Oosthuizen, the former Open champion who defeated top seed Henrik Stenson in the second round, thrashed Webb Simpson 5&4 to reach the last eight, where he will face Jason Day after he defeated George Coetzee. Bubba Watson was also knocked out on the 18th by Victor Dubuisson.
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McDowell had reached the third round at Dove Mountain thanks to superb fightbacks against Gary Woodland and Hideki Matsuyama, most notably recovering from three down with three to play to beat Woodland on the 19th.
The former US Open champion was also two down with four to play against Matsuyama before winning on the 18th, meaning the only time he had been in front in both matches was on the final hole.
It was perhaps no surprise therefore that the Northern Irishman lost the first two holes against former Ryder Cup foe Hunter Mahan, the man he beat in the final singles match at Celtic Manor in 2010 to secure overall victory for Europe.
A bogey on the third and par on the fifth was enough to get McDowell back on level terms and he looked like enjoying the novel experience of actually taking the lead on the sixth.
McDowell's tee shot to the par three pulled up just inches away from the hole and was duly conceded, but Mahan produced an excellent approach and holed from 10 feet to be all square.
The Northern Irishman missed several chances around the turn to take the lead and went behind again when Mahan birdied the 11th, but the American then made a mess of the 14th to gift his opponent the hole.
Mahan, who won the title in 2012 and was runner-up to Matt Kuchar last year, swiftly made amends with a birdie on the 15th to take a slender lead. McDowell could not make any ground up on the 16th and 17th, but brilliantly won the last, to take him once again to play-off holes.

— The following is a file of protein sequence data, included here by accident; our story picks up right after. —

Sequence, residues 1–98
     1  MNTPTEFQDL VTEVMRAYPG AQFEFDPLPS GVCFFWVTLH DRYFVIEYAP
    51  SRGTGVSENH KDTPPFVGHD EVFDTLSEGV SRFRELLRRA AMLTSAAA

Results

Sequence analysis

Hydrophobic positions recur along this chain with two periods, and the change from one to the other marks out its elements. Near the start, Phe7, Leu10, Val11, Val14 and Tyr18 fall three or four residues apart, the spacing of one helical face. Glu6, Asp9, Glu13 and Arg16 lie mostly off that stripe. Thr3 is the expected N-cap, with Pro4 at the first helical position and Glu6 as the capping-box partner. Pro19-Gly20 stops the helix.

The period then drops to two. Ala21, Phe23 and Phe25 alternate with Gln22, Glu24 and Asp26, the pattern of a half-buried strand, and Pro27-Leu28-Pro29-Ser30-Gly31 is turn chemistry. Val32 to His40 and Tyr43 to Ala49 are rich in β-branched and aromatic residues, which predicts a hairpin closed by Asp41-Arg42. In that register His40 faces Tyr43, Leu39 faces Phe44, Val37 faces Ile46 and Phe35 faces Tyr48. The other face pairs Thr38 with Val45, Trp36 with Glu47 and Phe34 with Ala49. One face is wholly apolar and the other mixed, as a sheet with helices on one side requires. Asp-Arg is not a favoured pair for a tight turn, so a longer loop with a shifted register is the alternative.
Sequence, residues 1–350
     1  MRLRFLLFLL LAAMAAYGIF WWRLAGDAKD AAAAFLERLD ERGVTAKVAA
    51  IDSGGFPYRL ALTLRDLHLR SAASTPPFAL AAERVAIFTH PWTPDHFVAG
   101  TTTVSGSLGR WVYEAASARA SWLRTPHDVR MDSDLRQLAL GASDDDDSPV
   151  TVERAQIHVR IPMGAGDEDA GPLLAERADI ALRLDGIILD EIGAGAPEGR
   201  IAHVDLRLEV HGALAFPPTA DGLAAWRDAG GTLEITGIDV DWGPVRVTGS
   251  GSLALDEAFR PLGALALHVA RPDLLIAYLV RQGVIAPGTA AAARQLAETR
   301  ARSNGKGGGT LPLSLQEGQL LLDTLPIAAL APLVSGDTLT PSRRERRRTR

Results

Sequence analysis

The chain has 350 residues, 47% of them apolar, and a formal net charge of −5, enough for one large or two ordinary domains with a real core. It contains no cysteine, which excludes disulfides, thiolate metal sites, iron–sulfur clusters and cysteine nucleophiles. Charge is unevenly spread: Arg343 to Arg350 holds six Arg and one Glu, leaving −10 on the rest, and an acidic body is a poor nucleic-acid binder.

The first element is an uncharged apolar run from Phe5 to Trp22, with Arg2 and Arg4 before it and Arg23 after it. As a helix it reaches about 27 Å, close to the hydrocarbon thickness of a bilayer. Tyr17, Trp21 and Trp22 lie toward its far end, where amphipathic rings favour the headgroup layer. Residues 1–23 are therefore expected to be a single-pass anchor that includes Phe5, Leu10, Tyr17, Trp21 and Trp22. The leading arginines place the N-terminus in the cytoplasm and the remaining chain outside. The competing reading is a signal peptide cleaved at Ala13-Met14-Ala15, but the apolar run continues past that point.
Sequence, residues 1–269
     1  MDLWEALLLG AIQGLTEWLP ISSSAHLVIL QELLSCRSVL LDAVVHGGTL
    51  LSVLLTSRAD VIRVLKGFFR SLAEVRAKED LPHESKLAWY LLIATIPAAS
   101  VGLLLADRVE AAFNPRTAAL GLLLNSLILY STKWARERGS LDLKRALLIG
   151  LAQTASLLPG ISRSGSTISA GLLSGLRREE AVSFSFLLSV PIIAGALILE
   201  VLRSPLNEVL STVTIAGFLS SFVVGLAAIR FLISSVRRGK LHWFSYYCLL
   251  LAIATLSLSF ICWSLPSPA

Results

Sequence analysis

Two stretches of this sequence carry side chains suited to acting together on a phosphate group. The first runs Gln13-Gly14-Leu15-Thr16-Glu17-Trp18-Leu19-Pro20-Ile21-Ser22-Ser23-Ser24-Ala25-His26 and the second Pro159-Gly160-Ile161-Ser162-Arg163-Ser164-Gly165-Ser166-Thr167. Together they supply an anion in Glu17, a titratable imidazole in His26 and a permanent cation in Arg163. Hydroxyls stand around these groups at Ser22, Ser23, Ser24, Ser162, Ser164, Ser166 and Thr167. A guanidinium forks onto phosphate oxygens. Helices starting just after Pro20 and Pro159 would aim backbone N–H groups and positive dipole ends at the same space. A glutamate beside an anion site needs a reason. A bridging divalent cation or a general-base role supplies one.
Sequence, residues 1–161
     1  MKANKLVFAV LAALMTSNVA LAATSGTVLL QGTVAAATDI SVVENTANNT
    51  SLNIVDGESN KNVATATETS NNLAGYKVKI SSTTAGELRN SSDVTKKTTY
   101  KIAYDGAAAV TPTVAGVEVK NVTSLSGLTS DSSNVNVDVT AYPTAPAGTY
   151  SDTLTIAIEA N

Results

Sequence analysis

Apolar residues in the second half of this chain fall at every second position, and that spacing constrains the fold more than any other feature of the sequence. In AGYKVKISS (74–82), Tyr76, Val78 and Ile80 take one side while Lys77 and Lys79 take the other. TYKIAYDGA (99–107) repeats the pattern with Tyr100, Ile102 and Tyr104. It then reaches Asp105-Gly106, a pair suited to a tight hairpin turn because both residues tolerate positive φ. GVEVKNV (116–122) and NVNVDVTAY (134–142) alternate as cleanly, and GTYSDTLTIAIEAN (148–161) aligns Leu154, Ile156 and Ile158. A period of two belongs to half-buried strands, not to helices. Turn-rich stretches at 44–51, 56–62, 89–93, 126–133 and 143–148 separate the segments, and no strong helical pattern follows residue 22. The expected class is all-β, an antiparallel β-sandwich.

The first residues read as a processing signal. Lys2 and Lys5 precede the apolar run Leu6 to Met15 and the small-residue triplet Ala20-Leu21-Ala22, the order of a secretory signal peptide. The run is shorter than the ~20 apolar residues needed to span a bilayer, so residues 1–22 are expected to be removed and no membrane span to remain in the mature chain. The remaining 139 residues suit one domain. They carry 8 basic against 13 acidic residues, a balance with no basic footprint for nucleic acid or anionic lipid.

Oosthuizen was six under par for the 14 holes completed thanks to an eagle and four birdies. "I played really solid," he said. "The only hole I looked like making bogey was the 10th and I made an 18-20-footer for par.
"I'm putting really well and my ball-striking is improving every day and I am just trying to give myself as many birdie chances as I can."
Oosthuizen was joined in Saturday's quarter-finals by former US Open champion Jim Furyk, who came from three down after six holes to beat rising star Harris English, who had beaten Lee Westwood and Rory McIlroy in the first two rounds.
Furyk, who had never reached the last eight before in 13 previous attempts and has been two down or worse in each of his three matches, will face compatriot Rickie Fowler after he birdied the 18th to edge past Sergio Garcia.
However, the match is likely to be remembered more for a strange incident on the seventh hole when Garcia offered Fowler a half, despite the Spaniard facing five feet for par and Fowler three times that distance.
That was reportedly because Garcia felt bad that he had taken a long time to get a free drop away from a colony of bees on the edge of the green on the previous hole. "I don't want to hit the shot, I've had bad experiences with bees," Garcia was heard to say to the rules official overseeing his drop.
Despite eventually losing by a single hole, Garcia said he had no regrets. "He played much better than me on the last 10 holes and he deserves the win," he said.
"This is a gentleman's game and lately it hasn't felt like it's been like that. This is the way I was brought up by my dad; I felt like my drop on six took too much time. It was the only thing I could do to make myself feel better and not feel guilty."